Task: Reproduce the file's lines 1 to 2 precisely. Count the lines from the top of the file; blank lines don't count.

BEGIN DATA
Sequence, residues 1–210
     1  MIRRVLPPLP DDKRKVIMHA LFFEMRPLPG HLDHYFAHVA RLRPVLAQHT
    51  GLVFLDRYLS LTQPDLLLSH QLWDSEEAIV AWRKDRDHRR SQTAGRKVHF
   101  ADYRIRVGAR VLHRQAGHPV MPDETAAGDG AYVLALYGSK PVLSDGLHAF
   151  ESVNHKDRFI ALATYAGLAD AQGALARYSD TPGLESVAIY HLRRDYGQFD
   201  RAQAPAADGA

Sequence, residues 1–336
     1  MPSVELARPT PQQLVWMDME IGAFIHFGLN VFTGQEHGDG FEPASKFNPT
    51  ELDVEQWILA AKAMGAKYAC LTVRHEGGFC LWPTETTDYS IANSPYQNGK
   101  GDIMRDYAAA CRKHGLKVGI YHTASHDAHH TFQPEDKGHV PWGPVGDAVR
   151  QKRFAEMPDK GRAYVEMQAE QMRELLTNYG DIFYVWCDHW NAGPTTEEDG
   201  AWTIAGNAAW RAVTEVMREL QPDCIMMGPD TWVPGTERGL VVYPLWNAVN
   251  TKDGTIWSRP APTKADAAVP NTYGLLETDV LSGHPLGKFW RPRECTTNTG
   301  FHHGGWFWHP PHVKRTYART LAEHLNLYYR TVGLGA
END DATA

Sequence, residues 1–210
     1  MIRRVLPPLP DDKRKVIMHA LFFEMRPLPG HLDHYFAHVA RLRPVLAQHT